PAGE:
Types of Assets That Go Through Probate in New York
Probate is the legal process of administering a deceased person’s estate, which includes identifying and distributing their assets. While not all assets are subject to probate, it’s essential to understand which types typically go through this process in New York. This article will provide insights into the various asset categories and how to navigate the probate process efficiently.
Before delving into the types of assets that go through probate, let’s briefly review the probate process itself. Probate serves several key purposes:
- Verifying the validity of the deceased person’s will (if one exists).
- Identifying all assets and liabilities of the estate.
- Paying outstanding debts, taxes, and administrative expenses.
- Distributing the remaining assets to heirs and beneficiaries.
Now, let’s explore the categories of assets that typically go through probate:
1. Solely Owned Real Estate
Real estate properties owned solely by the decedent, without joint tenancy or a living trust, often go through probate. The probate court will oversee the transfer of the property to the rightful heirs or beneficiaries.
2. Bank Accounts and Investments
Bank accounts, including checking and savings accounts, and investments held solely in the decedent’s name are subject to probate. These assets will be used to pay debts and distribute to beneficiaries as outlined in the will or according to state law.
3. Personal Property
Personal property, such as vehicles, jewelry, art, and household items, may go through probate if there is no clear beneficiary designated. However, smaller personal items may not be subject to probate if the total estate value is below a certain threshold set by state law.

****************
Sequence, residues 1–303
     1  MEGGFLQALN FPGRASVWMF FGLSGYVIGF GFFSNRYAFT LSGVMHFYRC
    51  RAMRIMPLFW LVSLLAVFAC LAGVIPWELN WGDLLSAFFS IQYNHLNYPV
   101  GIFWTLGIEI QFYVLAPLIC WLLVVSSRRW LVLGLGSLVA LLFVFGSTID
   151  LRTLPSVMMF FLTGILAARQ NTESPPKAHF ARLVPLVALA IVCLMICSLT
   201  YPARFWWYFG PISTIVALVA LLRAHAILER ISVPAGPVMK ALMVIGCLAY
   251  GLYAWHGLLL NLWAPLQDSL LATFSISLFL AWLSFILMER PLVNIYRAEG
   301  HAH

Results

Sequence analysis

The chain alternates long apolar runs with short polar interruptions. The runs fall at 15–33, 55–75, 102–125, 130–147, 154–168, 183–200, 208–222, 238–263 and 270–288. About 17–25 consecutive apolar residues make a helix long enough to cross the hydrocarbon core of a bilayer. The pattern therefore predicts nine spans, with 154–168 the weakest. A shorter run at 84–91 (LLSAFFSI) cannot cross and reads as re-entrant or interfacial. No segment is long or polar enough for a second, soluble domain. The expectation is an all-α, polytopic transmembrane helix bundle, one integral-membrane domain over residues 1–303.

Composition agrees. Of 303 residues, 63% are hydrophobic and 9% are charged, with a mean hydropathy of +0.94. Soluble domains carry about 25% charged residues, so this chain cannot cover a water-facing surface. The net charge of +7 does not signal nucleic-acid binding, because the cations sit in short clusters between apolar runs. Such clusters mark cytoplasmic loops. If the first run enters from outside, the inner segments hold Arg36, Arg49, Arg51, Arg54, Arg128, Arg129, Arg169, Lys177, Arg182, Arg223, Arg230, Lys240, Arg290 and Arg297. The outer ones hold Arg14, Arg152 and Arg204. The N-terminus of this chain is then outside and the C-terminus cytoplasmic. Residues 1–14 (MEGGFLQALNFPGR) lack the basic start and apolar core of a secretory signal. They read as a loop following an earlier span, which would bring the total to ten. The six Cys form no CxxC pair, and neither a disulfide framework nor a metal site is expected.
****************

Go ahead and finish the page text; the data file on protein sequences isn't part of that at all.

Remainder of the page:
4. Businesses Owned Solely
If the decedent owned a business as the sole proprietor, the business assets, debts, and liabilities may be subject to probate. This can impact the continuity of the business and may require careful planning.
5. Intellectual Property and Royalties
Intellectual property, such as patents, copyrights, and trademarks, along with royalty income generated from them, may be included in the probate process if no specific arrangements have been made to transfer or distribute these assets outside of probate.
6. Retirement Accounts Without Designated Beneficiaries
Retirement accounts, like 401(k)s and IRAs, may go through probate if there is no named beneficiary or if the named beneficiary is the deceased person’s estate. Designating specific beneficiaries can help these assets avoid probate and pass directly to the intended recipients.
7. Life Insurance Policies with No Named Beneficiaries
Life insurance policies without designated beneficiaries or with the estate as the beneficiary may become part of the probate estate. To avoid this, ensure that you have named beneficiaries on your policies.
Assets That Typically Bypass Probate
It’s important to note that many assets can bypass probate if they have designated beneficiaries or are held in certain types of trusts. These assets include:
- Assets held in a living trust.
- Bank accounts with payable-on-death (POD) or transfer-on-death (TOD) beneficiaries.
- Assets with joint tenancy or tenancy by entirety.
- Retirement accounts with named beneficiaries.
- Life insurance policies with named beneficiaries.
Consult with Probate Professionals
Understanding the types of assets that go through probate is essential for effective estate planning. To streamline the probate process and ensure that your assets are handled according to your wishes, it’s highly recommended to consult with experienced probate professionals, such as Morgan Legal Group.